How do you come up with a plan for your project? It seems like a silly question to ask but the truth is that there isn’t just one way to plan a project. There are a variety of different approaches, some being more successful than others.
Which one should you choose? It comes down to a variety of factors including:
- Type of project
- Size of project
- Availability of subject matter experts.
Here’s a summary of a number of different ways that you could approach planning your next project, along with my take on the advantages and disadvantages.
“Straw Man” Planning
The project manager creates an initial draft view of the proposed project schedule and sends it out to relevant people for their comments. The recipients of the Straw Man schedule mark up the plan with their suggested changes and return it to the project manager.
The rich picture approach brings everyone together to develop a visual representation of the project, including any details that the participants believe will have a bearing on the project. By creating a graphical representation of the project the participants can express key aspects of the project. Each element of the picture adds more detail so that everyone gets a better, more comprehensive view of what the project will entail.
Direct Entry into a Planning Tool
With Direct Entry a group of subject matter experts gather together and create the schedule directly. One person operates the project scheduling tool, taking information presented by the members of the group. The other members of the team watch the plan as it is being created and provide feedback. In this way the plan is built iteratively until everyone is happy.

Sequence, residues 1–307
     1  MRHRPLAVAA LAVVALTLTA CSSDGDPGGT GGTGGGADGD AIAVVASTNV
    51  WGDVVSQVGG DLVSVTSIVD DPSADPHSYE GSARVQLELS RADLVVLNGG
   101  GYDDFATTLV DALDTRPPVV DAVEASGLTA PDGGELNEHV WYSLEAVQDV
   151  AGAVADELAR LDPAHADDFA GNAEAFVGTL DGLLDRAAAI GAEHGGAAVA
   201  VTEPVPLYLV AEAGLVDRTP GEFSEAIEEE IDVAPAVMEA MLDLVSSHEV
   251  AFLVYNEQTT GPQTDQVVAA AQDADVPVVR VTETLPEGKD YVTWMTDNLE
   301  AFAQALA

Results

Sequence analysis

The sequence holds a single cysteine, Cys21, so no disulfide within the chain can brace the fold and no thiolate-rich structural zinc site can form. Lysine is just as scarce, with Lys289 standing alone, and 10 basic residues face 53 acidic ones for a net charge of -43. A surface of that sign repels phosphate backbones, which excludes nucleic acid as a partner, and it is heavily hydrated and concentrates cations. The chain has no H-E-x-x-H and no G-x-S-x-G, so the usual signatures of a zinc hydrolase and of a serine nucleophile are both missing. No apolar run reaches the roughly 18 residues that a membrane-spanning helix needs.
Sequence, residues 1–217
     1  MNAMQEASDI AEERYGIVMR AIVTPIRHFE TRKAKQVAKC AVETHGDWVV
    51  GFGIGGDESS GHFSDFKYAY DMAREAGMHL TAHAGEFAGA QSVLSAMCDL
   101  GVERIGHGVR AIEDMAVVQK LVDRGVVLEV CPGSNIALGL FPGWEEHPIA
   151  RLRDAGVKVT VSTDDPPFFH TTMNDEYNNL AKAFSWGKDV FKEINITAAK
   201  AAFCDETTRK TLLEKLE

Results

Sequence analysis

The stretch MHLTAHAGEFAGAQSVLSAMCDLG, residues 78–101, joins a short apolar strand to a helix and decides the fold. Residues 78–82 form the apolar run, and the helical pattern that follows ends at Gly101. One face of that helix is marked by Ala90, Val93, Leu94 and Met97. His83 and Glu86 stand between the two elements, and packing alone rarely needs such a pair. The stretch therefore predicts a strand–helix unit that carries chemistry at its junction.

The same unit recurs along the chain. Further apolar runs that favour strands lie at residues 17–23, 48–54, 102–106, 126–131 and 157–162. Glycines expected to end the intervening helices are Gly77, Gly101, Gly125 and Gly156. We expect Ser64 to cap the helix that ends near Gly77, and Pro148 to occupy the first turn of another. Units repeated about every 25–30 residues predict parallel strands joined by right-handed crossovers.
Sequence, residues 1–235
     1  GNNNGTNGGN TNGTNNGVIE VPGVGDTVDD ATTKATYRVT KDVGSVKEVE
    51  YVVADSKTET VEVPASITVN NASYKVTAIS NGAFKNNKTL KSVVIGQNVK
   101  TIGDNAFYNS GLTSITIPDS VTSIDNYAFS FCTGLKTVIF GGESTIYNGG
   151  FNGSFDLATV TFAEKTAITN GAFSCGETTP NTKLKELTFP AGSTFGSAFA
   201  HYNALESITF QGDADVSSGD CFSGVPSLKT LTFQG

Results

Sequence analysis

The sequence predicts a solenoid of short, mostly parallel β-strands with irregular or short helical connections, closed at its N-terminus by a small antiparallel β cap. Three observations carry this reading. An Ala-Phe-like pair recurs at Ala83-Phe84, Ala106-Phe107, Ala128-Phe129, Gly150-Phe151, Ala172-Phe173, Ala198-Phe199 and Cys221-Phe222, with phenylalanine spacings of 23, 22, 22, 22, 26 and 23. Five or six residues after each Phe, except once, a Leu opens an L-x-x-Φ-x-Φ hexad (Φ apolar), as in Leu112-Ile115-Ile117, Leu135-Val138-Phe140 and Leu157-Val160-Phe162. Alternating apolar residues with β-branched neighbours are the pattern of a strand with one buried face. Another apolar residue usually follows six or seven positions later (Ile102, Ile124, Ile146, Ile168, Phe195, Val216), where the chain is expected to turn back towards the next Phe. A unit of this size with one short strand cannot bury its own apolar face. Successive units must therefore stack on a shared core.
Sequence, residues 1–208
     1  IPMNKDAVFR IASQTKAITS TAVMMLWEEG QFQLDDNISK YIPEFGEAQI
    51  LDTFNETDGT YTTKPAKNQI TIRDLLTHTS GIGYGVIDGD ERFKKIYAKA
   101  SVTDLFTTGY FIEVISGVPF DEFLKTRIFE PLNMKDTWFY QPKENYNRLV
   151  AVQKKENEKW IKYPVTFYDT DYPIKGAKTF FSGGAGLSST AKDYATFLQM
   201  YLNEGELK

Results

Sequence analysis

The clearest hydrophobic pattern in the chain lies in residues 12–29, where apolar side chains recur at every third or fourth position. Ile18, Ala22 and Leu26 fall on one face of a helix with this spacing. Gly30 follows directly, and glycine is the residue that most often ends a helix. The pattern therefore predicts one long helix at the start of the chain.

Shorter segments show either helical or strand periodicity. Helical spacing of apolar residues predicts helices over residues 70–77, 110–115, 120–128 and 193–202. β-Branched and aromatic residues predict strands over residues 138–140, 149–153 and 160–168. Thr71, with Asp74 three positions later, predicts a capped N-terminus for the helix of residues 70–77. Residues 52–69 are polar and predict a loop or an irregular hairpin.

Kanban is a Japanese term meaning “billboard” or “sign board”. With Kanban the project is divided into a number of deliverables. Each deliverable is represented as a card on the Kanban Board. The Board shows the status of each deliverable at all times, e.g. “not started”, “in development”, “in test”, “completed”.
Planning Using Sticky Notes
The project team use sticky notes to create a Work Breakdown Structure for the project that covers all of the work that project needs to complete. Once completed the project manager converts the Work Breakdown Structure into a project schedule.
RACI Matrix Walkthrough
RACI modelling aims to clarify the role of participants who are involved in the production of products. The word RACI is an acronym which stands for Responsible, Accountable, Consulted, Informed.
Index Card Planning
With Index Card Planning the team use pre-printed Index Cards to create an integrated plan using a step-by-step approach. The plan starts with the identification of the project goal, then the key workstreams, the major milestones and the detailed deliverables. Index Card Plans covert easily into a project schedule and the plan builds in project governance, risk management and financial controls. The plans typically take half a day to produce.